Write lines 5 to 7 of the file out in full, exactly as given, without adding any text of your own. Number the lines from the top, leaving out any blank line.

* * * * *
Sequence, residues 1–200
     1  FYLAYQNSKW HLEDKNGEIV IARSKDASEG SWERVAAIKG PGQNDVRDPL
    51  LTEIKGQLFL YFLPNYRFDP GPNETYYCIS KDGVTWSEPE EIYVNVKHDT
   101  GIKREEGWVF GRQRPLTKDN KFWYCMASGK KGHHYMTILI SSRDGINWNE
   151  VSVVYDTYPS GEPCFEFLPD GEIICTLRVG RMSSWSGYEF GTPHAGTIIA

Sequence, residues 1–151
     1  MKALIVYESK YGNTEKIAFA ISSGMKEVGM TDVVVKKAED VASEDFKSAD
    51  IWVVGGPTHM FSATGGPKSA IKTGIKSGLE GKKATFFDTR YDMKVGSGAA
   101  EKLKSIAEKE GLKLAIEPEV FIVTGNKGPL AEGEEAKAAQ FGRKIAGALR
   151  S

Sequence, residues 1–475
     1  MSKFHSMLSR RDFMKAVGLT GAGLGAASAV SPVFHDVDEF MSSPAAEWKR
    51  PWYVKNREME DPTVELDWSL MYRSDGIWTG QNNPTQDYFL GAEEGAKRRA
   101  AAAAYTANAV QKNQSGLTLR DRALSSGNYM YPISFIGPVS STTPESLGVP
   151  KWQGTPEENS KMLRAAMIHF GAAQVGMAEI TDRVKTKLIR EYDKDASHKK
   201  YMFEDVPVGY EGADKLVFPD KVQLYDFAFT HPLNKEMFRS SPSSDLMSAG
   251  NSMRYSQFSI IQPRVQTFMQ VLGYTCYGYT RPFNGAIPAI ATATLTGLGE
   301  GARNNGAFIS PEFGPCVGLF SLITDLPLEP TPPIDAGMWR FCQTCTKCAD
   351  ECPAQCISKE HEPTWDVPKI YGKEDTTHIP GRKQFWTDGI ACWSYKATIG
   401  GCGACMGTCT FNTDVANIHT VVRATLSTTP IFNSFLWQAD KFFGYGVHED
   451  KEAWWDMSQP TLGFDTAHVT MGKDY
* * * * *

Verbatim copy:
   151  VSVVYDTYPS GEPCFEFLPD GEIICTLRVG RMSSWSGYEF GTPHAGTIIA

Sequence, residues 1–151
     1  MKALIVYESK YGNTEKIAFA ISSGMKEVGM TDVVVKKAED VASEDFKSAD